Give Your Best is a peer-to-peer online donation platform. People can upload clothes and refugee women and children in the UK can shop for free. Founder Sol Escobar told us how a lockdown Instagram project became an award-winning ‘tech for good’.
Sol, what gave you the idea to set up Give Your Best?
I had been volunteering for several years, supporting refugees in camps in Northern France and in Cambridge where I live, right up until the first lockdown in 2020.
When all support stopped, charities closed and marginalised people became more isolated, I felt the urgency to do something.
Over the summer of 2020, I was supporting a household of women seeking asylum in Wales. They mentioned how they had no access to clothing with charity shops closed.
Without bank accounts, they couldn’t shop online, plus the meagre £37 a week to cover all expenses meant they couldn’t afford clothes.
I decided to round up my friends and family to get an assortment of clothing sizes, put a collection together to purchase toiletries and send them a parcel.
Little did I know that my social media post would go viral, we’d raise £1,000 in less than 24 hours and I’d be inundated with offers of clothes. I realised I couldn’t just send them everything I had, nor did I want to refuse the kind offers from women wanting to help.
I asked what they thought about me taking photos of the items I had received and uploading them to an Instagram page so they could choose what they liked.
They loved the idea and said it was like going shopping online, which they hadn’t done in years, but they also said something that hit me: “Don’t go through all this trouble for us. We’re in no position to refuse anything that you give us”.
I remember thinking how even after they get their refugee status and start rebuilding their lives, they would carry with them the sense of only being worth what they’re given, rather than being worth their own choices.
I decided to empower women one item of clothing at a time, to give them choice and to help them express themselves and feel good.
How can people donate clothes?
In August 2022 we launched our bespoke platform, a first of its kind, which we built with the help of a ‘tech for good’ grant.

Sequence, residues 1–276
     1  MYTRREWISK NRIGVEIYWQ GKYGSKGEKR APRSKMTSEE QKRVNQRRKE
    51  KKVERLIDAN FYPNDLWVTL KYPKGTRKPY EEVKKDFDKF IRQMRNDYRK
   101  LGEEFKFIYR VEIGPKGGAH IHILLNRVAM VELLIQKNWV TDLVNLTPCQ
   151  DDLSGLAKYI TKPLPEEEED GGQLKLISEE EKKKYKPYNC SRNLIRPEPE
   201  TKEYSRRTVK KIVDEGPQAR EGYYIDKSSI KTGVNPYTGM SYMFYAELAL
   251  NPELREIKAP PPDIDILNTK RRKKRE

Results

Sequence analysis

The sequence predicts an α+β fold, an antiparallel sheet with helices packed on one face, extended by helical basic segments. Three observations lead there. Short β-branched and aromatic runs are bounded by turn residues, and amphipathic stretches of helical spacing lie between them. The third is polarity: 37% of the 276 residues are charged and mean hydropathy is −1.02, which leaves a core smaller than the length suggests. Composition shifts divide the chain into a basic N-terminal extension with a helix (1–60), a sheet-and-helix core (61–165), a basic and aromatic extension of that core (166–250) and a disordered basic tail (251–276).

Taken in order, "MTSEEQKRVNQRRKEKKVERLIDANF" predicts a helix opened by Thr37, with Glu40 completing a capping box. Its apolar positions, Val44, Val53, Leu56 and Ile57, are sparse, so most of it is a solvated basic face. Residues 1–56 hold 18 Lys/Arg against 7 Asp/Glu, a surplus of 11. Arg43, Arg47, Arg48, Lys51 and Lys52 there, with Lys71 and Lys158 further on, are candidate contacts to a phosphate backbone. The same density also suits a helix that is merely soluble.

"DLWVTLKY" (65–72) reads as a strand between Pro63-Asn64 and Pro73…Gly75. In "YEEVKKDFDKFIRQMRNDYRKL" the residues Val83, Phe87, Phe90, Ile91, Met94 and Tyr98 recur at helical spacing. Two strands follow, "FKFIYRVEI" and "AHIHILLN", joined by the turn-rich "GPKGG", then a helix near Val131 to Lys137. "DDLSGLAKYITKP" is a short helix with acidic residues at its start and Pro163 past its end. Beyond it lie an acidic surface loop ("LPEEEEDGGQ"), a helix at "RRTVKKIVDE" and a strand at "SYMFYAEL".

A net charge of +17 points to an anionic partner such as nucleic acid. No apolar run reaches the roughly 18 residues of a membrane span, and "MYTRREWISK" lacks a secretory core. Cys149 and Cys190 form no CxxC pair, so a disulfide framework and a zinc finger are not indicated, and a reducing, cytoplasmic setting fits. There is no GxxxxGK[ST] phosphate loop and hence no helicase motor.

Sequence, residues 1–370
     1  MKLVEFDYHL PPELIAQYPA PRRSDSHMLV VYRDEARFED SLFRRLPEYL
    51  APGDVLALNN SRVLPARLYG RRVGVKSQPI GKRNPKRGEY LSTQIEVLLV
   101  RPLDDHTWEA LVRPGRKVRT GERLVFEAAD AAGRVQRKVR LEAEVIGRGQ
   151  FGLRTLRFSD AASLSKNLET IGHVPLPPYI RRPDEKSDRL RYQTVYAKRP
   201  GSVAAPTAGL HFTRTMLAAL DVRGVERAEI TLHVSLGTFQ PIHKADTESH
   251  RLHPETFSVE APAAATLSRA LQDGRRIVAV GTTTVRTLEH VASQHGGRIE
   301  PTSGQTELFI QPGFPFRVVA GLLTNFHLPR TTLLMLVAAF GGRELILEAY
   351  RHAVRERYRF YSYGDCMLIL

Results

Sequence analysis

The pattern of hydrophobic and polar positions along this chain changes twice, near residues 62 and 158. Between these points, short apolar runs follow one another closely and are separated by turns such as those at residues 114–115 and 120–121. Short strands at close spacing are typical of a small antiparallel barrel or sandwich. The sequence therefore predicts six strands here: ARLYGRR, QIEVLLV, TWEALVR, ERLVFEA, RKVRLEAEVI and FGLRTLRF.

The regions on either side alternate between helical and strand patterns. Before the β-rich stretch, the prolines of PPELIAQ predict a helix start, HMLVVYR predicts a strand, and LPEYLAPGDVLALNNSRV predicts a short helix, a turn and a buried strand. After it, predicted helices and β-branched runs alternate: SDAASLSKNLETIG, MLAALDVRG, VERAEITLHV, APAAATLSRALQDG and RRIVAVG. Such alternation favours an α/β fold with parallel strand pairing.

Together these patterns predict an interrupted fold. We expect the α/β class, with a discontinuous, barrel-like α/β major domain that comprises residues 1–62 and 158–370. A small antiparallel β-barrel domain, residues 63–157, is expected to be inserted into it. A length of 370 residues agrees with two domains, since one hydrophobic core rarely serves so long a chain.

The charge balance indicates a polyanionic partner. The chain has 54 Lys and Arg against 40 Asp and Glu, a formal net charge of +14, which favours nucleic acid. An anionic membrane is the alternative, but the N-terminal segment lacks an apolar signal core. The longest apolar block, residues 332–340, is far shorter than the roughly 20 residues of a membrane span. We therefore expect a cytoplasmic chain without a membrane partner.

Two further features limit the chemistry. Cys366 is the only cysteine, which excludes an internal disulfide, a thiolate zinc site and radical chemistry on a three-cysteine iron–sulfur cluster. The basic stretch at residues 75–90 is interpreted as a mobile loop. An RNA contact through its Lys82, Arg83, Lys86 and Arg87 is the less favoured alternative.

Before that, we hosted our free shop on Instagram and our volunteers had to process every item manually. I don’t know how we managed to process 10,000+ items that way.
Our platform is very easy to use. It allows the donor to take a photo of an item and upload it to the site. They can track the status of all their donated items in their account too.
When an item is ‘shopped’ by a member of our community they receive a notification letting them know who shopped it and where to send the item (either to the shopper directly or to us to forward on).
We encourage donors to turn their package into a gift, to add a little note of support and perhaps some chocolates or menstrual products. Our shoppers always tell us how much it means to them to receive notes of support from strangers; a lovely connection is created.
We partner with larger charities and organisations such as the Red Cross or Citizens Advice, who refer their clients to our services.
People wanting to access the free shop must register first, telling us who referred them. Their applications are reviewed by our team and then approved or rejected.
We have now processed over 17,000 items donated and shopped for free since we launched and over 1,000 women and children access our shop regularly.
Another way people can donate clothes is to request a Give Your Bestie. Our team of Besties are more than 250 volunteers across the UK, who act as collection points.
They process items on our behalf, take pictures, upload items to our platform and ship them off.
We receive between 20 to 50 bags of clothing via our Besties every month.
Why are you so passionate about specifically supporting women who are refugees and asylum seekers?
As an immigrant myself, I am very aware of the double standards that exist between my journey from South America to Europe.